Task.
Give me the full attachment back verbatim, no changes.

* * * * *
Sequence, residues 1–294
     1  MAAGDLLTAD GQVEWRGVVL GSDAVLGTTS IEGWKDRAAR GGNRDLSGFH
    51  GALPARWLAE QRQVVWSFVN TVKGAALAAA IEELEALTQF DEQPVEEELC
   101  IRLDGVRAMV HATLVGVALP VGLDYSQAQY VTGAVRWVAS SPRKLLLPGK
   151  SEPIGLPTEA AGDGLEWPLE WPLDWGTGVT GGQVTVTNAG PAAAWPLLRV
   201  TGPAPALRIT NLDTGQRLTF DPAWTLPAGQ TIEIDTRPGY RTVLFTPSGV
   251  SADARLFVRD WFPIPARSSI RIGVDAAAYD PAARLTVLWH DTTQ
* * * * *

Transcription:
Sequence, residues 1–294
     1  MAAGDLLTAD GQVEWRGVVL GSDAVLGTTS IEGWKDRAAR GGNRDLSGFH
    51  GALPARWLAE QRQVVWSFVN TVKGAALAAA IEELEALTQF DEQPVEEELC
   101  IRLDGVRAMV HATLVGVALP VGLDYSQAQY VTGAVRWVAS SPRKLLLPGK
   151  SEPIGLPTEA AGDGLEWPLE WPLDWGTGVT GGQVTVTNAG PAAAWPLLRV
   201  TGPAPALRIT NLDTGQRLTF DPAWTLPAGQ TIEIDTRPGY RTVLFTPSGV
   251  SADARLFVRD WFPIPARSSI RIGVDAAAYD PAARLTVLWH DTTQ